Modal Analysis and Simulation: Structural Testing - Part II

Modal analysis of the data obtained from structural testing, provides us with a definitive description of the response of a structure, which can be evaluated against design specifications. It also enables us to construct a powerful tool, the modal model, with which we can investigate the effects of structural modifications or predict how the structure will perform under changed operating conditions.

“STRUCTURAL TESTING PART TWO” - HANDBOOK, PUBLISHED IN MARCH 1988.

A simplified definition of modal analysis can be made by comparing it to frequency analysis. In frequency analysis, a complex signal is resolved into a set of simple sine waves with individual frequency and amplitude parameters. In modal analysis a complex deflection pattern (of a vibrating structure) is resolved into a set of simple mode shapes with individual frequency and damping parameters.

Experimental Modal Analysis

Most structures vibrate. In operation, all machines, vehicles and buildings are subjected to dynamic forces which cause vibrations. Very often the vibrations have to be investigated, either because they cause an immediate problem, or because the structure has to be "cleared" to a "standard" or test specification. Whatever the reason, we need to quantify the structural response in some way, so that its implication on factors such as performance and fatigue can be evaluated.

By using signal-analysis techniques, we can measure vibration on the operating structure and make a frequency analysis. The frequency spectrum description of how the vibration level varies with frequency can then be checked against a specification. This type of testing will give results which are only relevant to the measured conditions. The result will be a product of the structural response and the spectrum of an unknown excitation force, it will give little or no information about the characteristics of the structure itself.

An FRF measurement made on any structure will show its response to be a series of peaks. The individual peaks are often sharp, with identifiable centre frequencies, indicating that they are resonances, each typical of the response of a single-degree-of-freedom (SDOF) structure. If the broader peaks in the FRF are analyzed with increased frequency resolution, two or more resonances are usually found close together.

The implication is that a structure behaves as if it is a set of SDOF substructures. This is the basis of modal analysis, through which the behaviour of a structure can be analyzed by identifying and evaluating all the resonances, or modes, in its response.

In the physical domain, the complex geometrical deflection pattern of the bell, can be represented by a set of simpler, independent deflection patterns, or mode shapes.

In the time domain
the vibration (or acoustic) response of the bell is shown as a time history, which can be represent- ed by a set of a decaying sinusoids.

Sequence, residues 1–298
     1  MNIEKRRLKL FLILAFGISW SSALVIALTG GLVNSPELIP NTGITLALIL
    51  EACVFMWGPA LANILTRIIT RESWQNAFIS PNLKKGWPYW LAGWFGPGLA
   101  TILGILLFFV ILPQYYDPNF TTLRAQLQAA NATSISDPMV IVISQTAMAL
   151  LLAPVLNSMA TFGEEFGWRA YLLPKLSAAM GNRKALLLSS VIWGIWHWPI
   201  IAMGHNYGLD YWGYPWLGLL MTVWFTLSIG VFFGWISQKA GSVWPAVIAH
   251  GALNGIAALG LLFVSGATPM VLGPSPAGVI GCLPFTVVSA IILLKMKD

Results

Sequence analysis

In the frequency domain, analysis of the time signal gives us a spectrum containing a series of peaks, shown below as a set of SDOF response spectra.

In the modal domain we see the response of the bell as a modal model constructed from a set of SDOF models. Since a mode shape is the pattern of movement for all the points on the structure at a modal frequency, a single mod- al coordinate q can be used to represent the entire movement contribution of each mode.

Looking back from the modal domain, we see that each SDOF model is associated with a frequency, a clamping and a mode shape.

These are the modal parameters:

• Modal frequency
• Modal damping
• Mode shape

which together form a complete description of the inherent dynamic characteristics of the bell, and are constant whether the bell is ringing or not.
Modal analysis is the process of determining the modal parameters of a structure for all modes in the frequency range of interest. The ultimate goal is to use these parameters to construct a modal model of the response.

What is a Mode Shape?

A mode shape is, as we said in the bell example, a deflection-pattern associated with a particular modal frequency - or pole location. It is neither tangible nor easy to observe. It is an abstract mathematical parameter which defines a deflection pattern as if that mode existed in isolation from all others in the structure.

The actual physical displacement, at any point, will always be a combination of all the mode shapes of the structure. With harmonic excitation close to a modal frequency, 95% of the displacement may be due to that particular mode shape, but random excitation tends to produce an arbitrary "shuffling" of contributions from all the mode shapes.

Nevertheless, a mode shape is an inherent dynamic property of a structure in "free" vibration (when no external forces are acting). It represents the relative displacements of all parts of the structure for that particular mode.

Sampled mode shapes → the mode shape vector

Mode shapes are continuous functions which, in modal analysis, are sampled with a "spatial resolution" depending on the number of DOFs used. In general they are not measured directly, but determined from a set of FRF measurements made between the DOFs. A sampled mode shape is represented by the mode shape vector {Ψ}r, where r is the mode number.

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